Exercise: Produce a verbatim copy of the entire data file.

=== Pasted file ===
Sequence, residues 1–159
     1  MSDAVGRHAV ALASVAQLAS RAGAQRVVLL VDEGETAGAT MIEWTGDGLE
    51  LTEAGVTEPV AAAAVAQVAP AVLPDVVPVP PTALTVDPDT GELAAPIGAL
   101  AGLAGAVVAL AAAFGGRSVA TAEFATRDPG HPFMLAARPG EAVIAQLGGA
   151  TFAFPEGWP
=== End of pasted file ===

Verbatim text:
Sequence, residues 1–159
     1  MSDAVGRHAV ALASVAQLAS RAGAQRVVLL VDEGETAGAT MIEWTGDGLE
    51  LTEAGVTEPV AAAAVAQVAP AVLPDVVPVP PTALTVDPDT GELAAPIGAL
   101  AGLAGAVVAL AAAFGGRSVA TAEFATRDPG HPFMLAARPG EAVIAQLGGA
   151  TFAFPEGWP